Rate cut may not prop up metro realty

The move to reduce interest rates for home loans up to Rs 20 lakh by public sector banks may induce some buying in the property market and prompt developers to build more low-cost homes. However, according to developers, this may not be enough to provide a major boost to the residential property market immediately. Some property developers say the rate cut will not help their existing projects in metro cities as current prices are way above the loan limit set by banks.

“The rate cuts will revive demand, which had cooled off in the past couple of months,” DLF CFO Ramesh Sanka says. He says some of DLF’s projects in New Gurgaon and Chennai, which offer homes for about Rs 28 lakh, will benefit. Prompted by a huge demand in the Rs 20-25 lakh category and incentives extended by banks, India’s largest listed developer plans to have ‘many’ launches in the coming quarters in this category.

Smaller developers, which have been building budget homes, expect more large developers to join them. “Developers are already reducing the size of apartments and offering fewer facilities to bring down the cost of dwelling units,” says Gaursons joint MD Manoj Gaur, who has sold several budget homes in Ghaziabad.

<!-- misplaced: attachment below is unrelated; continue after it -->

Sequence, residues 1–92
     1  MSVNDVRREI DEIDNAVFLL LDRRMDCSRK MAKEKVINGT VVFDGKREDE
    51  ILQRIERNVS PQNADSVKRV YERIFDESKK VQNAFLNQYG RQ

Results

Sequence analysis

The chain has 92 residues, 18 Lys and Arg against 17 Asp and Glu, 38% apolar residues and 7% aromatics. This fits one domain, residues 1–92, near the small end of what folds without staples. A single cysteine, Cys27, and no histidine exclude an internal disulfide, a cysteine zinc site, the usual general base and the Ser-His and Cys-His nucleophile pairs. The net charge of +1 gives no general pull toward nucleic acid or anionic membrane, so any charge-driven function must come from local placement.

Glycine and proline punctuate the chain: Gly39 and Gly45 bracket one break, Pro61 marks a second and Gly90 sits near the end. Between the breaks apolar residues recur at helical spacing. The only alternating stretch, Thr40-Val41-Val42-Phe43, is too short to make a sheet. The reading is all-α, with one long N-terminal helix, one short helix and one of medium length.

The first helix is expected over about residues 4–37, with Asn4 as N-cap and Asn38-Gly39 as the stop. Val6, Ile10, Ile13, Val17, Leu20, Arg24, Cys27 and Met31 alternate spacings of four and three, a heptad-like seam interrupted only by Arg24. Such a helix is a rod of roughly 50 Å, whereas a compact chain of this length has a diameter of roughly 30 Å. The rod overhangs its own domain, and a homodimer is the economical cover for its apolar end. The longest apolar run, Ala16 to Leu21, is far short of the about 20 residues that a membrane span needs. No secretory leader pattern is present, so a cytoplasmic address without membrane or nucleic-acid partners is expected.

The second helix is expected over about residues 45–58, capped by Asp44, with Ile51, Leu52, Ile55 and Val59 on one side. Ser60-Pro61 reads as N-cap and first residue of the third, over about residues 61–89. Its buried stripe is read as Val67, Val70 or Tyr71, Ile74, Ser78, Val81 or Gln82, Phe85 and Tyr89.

Many developers and analysts feel the impact of rate cut will be limited. “The rate cut is not going to help us. At present, we are not building houses priced close to Rs 20 lakh. And, who has the money to purchase cheaper land now to start a new project for cheaper homes?” pointed out Omaxe chairman Rohtas Goel.

Rupesh Sankhe, a real estate analyst with brokerage firm Centrum, says: “A home buying decision depends on prices, interest rate and the sentiment. Prices still need to come down by another 15-20% even in Tier II and Tier III cities to increase the affordability.” Home buyers in smaller cities also have a lower income level and, therefore, would buy only when prices come down further, he adds.

Anshuman Magazine, property consultancy firm CB Richard Ellis’ South Asia MD, feels the sentiment is the most important factor at present. “There is a crisis of confidence right now. If people are afraid of losing jobs, they are unlikely to buy homes.”

The average home loan size in India is estimated at Rs 7.5 lakh. So, the rate cuts for loans up to Rs 20 lakh can potentially have tremendous impact. However, developers and experts beg to differ. Property prices have risen by three fol d in most markets and an average home costs upwards of Rs 50 lakh in Delhi or Mumbai and Rs 25-30 lakh in tier II cities. Therefore, the government’s move is aimed at addressing the need of home buyers mainly in smaller cities besides some metropolitan suburbs.